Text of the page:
In Our Own Words – Cathy

In Our Own Words


Cathy Steele

“Being in a systems engineering role, especially the concept development phase, up front, early on and in a program looking at options and tradeoffs is very fulfilling. It’s a challenge on so many levels to examine what a program or capability is going to do, who is going to use it, what gap it will fill, and what are the best options.”

Seeing the Big Picture

For Cathy Steele, keeping an eye on the big picture has been a focus throughout her career. Of course, Cathy knows that the key to achieving the big picture is strict attention to the details. Whether it’s a one-on-one meeting with a colleague or high-ranking military customer, Cathy applies the same level of attention and enthusiasm that has led her to achieve the role of National Systems Group senior vice president.

Cathy initially joined the corporation in 1985 after working for both Hughes Aircraft and The MITRE Corporation, then left in 1987 to work for a small, commercial company. She returned to Aerospace in 1993. Raised in California, Cathy’s career choices took her back and forth between the West and East Coasts and, for a few years to Colorado Springs, Colorado. She currently resides in the Chantilly, Virginia, area. With an academic background in electrical engineering/system science and engineering control systems, she learned to apply her training to a myriad of projects and roles along the way. Cathy sums it up best: “I managed my job, looked for work I enjoyed, and my career followed.”

She is currently responsible for Aerospace’s support to the national security space and intelligence community in the acquisition, launch, and orbital operation of advanced technology space systems and their ground data systems.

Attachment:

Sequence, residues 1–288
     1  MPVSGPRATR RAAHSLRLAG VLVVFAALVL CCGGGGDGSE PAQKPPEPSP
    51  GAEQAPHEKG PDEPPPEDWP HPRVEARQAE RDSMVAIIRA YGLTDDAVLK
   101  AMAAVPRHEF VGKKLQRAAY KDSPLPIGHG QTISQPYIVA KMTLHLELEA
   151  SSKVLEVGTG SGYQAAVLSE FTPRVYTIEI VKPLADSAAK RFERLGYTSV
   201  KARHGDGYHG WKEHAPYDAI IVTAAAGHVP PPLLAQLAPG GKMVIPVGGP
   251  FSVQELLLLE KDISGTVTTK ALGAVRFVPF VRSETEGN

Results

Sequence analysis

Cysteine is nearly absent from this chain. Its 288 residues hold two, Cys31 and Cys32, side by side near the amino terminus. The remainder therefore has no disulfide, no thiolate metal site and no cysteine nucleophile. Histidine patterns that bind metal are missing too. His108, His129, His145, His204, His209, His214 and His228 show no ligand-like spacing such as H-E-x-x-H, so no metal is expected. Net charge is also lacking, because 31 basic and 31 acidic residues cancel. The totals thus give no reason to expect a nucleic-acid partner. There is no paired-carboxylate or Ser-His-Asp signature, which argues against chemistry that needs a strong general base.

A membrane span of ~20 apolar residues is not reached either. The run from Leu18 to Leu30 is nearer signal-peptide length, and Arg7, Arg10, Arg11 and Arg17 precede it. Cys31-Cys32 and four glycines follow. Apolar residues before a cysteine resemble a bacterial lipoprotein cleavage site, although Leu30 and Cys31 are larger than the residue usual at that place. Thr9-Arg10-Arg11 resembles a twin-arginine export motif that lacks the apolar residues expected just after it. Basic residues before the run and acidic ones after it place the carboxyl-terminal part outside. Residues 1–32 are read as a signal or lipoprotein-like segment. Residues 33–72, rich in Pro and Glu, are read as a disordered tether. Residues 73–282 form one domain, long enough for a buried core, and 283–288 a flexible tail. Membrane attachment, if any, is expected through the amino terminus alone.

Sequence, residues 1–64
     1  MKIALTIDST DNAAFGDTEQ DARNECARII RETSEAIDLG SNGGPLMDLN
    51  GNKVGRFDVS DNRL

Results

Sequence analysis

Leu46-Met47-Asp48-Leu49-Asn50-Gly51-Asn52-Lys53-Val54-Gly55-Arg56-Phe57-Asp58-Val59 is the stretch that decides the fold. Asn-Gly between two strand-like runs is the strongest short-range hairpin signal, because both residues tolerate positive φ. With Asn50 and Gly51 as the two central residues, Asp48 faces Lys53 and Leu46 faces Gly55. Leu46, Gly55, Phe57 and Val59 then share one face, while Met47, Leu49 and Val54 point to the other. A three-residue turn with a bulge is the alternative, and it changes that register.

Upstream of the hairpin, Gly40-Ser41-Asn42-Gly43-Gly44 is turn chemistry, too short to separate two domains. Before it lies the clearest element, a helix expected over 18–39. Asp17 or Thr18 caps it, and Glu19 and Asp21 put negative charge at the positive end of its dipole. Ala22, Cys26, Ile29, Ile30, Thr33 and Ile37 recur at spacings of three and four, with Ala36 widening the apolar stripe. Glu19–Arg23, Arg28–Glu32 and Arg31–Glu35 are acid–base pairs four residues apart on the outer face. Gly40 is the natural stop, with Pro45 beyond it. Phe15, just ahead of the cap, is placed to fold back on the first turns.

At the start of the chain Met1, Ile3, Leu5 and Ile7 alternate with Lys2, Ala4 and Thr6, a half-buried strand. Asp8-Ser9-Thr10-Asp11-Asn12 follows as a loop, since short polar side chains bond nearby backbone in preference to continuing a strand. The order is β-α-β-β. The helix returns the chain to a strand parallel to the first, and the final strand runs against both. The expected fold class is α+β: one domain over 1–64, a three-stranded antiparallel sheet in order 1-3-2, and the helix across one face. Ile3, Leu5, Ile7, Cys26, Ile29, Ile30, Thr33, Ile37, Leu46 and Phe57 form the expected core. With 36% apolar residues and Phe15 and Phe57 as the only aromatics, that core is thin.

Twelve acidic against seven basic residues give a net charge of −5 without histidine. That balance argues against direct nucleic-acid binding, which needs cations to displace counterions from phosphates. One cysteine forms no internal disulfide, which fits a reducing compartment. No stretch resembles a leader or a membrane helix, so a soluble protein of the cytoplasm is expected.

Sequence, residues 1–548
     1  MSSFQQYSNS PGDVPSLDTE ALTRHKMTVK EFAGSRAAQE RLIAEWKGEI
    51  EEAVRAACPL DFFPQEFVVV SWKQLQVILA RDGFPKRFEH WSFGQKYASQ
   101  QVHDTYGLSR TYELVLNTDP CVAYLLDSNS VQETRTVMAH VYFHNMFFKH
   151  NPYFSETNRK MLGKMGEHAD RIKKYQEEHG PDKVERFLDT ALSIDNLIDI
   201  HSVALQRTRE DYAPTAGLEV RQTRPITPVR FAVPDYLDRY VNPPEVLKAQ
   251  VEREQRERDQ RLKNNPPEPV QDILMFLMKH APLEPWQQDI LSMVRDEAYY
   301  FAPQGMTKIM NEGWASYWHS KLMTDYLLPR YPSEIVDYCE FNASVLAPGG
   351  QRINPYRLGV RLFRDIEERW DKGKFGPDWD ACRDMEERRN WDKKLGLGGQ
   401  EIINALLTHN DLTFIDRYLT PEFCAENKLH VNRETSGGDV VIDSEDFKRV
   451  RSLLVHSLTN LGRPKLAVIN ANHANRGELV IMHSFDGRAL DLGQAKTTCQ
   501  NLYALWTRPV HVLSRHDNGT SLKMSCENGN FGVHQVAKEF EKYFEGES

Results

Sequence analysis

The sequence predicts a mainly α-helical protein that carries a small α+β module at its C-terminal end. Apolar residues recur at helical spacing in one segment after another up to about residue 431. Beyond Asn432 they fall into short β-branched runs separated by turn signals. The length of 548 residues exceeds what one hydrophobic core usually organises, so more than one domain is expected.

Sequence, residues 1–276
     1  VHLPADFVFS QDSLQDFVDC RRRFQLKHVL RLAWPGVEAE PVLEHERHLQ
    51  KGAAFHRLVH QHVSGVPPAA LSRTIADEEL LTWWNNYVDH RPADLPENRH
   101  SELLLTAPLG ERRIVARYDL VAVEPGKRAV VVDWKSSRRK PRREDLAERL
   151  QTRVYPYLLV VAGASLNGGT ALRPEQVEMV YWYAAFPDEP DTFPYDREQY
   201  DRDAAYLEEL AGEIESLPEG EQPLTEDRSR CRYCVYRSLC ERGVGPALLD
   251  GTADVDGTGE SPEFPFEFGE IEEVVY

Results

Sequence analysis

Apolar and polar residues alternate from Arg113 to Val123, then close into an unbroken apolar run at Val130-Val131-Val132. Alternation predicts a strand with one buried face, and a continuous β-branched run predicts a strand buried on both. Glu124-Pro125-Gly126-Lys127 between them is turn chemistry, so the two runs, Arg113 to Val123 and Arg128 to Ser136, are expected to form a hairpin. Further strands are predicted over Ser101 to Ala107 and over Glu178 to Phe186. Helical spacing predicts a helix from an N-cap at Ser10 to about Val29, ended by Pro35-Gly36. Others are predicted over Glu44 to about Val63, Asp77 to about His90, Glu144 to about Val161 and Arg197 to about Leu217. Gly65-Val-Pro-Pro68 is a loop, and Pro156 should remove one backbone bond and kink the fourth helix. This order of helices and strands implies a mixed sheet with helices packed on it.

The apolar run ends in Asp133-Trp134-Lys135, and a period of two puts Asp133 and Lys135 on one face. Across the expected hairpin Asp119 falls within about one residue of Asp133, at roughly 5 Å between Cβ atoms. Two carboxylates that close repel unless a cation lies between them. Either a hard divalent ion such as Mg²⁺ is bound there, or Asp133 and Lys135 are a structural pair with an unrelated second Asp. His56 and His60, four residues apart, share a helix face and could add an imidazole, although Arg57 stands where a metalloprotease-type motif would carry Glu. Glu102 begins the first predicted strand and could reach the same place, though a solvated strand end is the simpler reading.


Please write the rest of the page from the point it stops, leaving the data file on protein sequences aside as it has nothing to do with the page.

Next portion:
Mentor and Mentee

Her position requires numerous demands on her time; chief among them, Cathy believes, is time spent listening to her employees and offering potential solutions to issues they may be facing. “It’s important to slow down and make each individual feel like they have your full attention,” she says. “Courtesy and kindness become even more important as you rise in the management ranks.”

Her philosophy extends into finding ways to recognize her employees and position them so they can be recognized by others. “I continually look for opportunities for my staff to be involved in cross-corporate activities so they can gain recognition for the work they are doing,” adds Cathy.

On the flip side, she is no stranger to being mentored. With her increasing positions of responsibility came the need to learn how best to work with high-ranking military and government personnel, which she learned how to do, in part, from others. “I had to polish my skills in terms of being direct and concise. When you only have 30 seconds to deliver your message, you have to be able to present the bottom line quickly,” she explains.

With the aid of her previous manager and others, Cathy has learned some valuable lessons, including how to navigate through difficult times or, as she states, “how do you pick up from where you left off and move forward?” She notes that the ability to be resilient through challenges and recover quickly is an essential skill.

Striking a Balance Is Key

Navigating through the work environment can be tricky and Cathy knows that finding the right approach can mean the difference between success and failure. “When you work with very talented, high-caliber people, you have to expect that some of them will be so passionate about their ideas and approaches to different challenges that their passion can result in conflict,” she said. “It’s beneficial to recognize quickly if there is a misunderstanding or difference of opinion, to know how to diffuse a situation, and then try and move forward. This strategy helps strike a balance in the working relationships so everyone can concentrate on the problem at hand,” she explains.

Advice for New Recruits

“Take the opportunity to discover what you like to do and work you enjoy by trying different things. Build your experiences,” Cathy advises those who are just beginning their careers. “There are a variety of technical areas to explore at Aerospace so the more you try new things, the more you will learn what you enjoy doing. Own your decisions and you will obtain the career you want to have.”

If the thought of working at Aerospace appeals to you, check out our current openings.